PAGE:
Best Personal Lubricants: How to Find the Right Fit

There are plenty of different varieties of sexual lubricant out there, typically delineated by the separate needs they meet. 

You’ve got a lot to choose from and consider out there, and if you’re a n00b to lube (sorry, sorry; we really couldn’t help it), you may need some help to figure out what the best personal lubricant is for you, to give a major boost to your sex and relationship alike. As you’ll see in our guide, the ideal lube for you and your partner may be several kinds of lubricant, varying according to physical needs and sexual priorities.

What should you avoid in lubricants?

Process of elimination is one of the best ways to go about solving any problem. So we’ll start our journey by covering the types of lube you should stay away from before delving into the viable options:

  • Oil-based lubes are a no-go in all circumstances. For one, they’re incredibly risky when used with any latex condom because the oil degrades the material, which can lead to breakage, and it’s difficult to clean up, sometimes causing stains. It also may increase the likelihood of contracting certain vaginal infections. (All of these negatives can also apply to the natural and/or organic oil lubes that use ingredients like coconut or grapeseed oil.)
  • “Outside-the-box” lubes — a.k.a. things that aren’t actually sexual lubricant — are also always a bad idea. Petroleum jelly and baby oil, for starters, both carry a significant risk of bacterial vaginosis. Hand lotion, another common “alternative,” isn’t an infection risk but it’s just not right for sex; despite the initial moisturizing effect, most lotions quickly cause dryness. No good.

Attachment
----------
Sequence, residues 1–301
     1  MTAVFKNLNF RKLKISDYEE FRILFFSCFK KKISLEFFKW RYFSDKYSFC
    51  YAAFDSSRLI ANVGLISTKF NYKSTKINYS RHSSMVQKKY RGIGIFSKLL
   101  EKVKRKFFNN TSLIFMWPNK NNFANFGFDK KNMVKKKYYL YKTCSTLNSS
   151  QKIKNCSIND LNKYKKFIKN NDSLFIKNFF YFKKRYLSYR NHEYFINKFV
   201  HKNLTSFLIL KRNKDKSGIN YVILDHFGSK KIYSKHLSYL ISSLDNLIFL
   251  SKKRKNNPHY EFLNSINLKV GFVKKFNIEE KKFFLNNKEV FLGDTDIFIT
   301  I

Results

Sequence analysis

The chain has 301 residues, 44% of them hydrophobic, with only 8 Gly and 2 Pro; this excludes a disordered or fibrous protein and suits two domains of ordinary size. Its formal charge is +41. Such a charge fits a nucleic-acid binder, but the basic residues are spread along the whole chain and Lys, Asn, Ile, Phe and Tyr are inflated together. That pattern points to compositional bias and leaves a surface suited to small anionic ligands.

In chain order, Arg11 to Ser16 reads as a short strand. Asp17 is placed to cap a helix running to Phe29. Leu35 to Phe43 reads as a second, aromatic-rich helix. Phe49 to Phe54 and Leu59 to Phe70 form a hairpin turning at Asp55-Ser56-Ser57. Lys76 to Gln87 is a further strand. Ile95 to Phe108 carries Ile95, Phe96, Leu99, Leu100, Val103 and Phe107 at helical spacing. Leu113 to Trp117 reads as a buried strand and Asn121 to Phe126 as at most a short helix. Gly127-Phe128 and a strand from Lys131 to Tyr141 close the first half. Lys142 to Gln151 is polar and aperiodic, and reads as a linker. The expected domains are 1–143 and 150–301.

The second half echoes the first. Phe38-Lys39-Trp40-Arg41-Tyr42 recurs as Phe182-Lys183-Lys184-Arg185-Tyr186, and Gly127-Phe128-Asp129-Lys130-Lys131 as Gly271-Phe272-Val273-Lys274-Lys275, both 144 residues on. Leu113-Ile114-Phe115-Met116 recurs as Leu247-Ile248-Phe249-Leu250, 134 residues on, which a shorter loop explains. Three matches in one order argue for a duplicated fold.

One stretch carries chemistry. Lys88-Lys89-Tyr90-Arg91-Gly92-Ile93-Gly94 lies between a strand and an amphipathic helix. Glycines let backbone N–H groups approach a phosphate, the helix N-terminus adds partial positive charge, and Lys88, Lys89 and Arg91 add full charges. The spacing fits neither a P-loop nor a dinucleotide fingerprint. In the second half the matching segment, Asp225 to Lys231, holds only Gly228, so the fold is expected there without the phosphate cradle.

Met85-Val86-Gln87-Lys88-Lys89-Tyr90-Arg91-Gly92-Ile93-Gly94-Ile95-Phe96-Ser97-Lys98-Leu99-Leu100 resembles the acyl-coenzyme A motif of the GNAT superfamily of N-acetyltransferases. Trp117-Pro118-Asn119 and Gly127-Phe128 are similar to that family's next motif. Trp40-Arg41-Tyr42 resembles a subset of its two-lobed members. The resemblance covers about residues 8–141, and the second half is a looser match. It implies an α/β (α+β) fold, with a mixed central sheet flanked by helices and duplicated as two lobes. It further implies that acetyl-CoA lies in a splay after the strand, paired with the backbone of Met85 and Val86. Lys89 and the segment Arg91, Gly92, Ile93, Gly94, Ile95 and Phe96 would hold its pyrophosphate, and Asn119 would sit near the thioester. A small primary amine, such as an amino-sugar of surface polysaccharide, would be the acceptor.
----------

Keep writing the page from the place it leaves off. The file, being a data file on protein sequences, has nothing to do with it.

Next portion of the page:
• And as for anything from the kitchen, like olive or vegetable oil, or butter, … I mean, do we even have to explain why this is a bad idea?!

What’s the best lube for sensitive skin?

Everyone’s skin gets dry to one degree or another in certain situations, including sex — that’s literally the reason why lube exists! But if you have particularly dry skin, or it’s sensitive and gets easily irritated for any other reason, you need to factor that into your lube choices and not just pick one at random. 

Generally speaking, a high-quality silicone-based lube like Wet Platinum or Elite Femme will be ideal for sensitive skin of any kind — as well as issues like chronic vaginal dryness — due to the soft, silky-smooth feeling it creates. A natural option, like the aloe-based Wet Organics, can also be good in these instances. 

What about allergies?

All of the lube varieties that Wet offers include primary ingredients that don’t typically irritate any allergies: Allergic reactions to glycerin and silicone are extremely rare, and water is, uh … it’s water. (Allergies to aloe on its own aren’t uncommon, but Wet Organics has been tweaked by our expert chemists to be hypoallergenic.) 

Outside of the realm of lube, some folks are allergic to latex, meaning that a large cross-section of the condom market is off-limits, and the substitutes may affect your lube choices. If using non-latex prophylactics made with polyisoprene, your field is pretty open, because that synthetic material is actually softer than latex. However, if you’re going with polyurethane or lambskin condoms, you may want a smoother lube made of silicone or a water-silicone hybrid to cut down on any potential discomfort.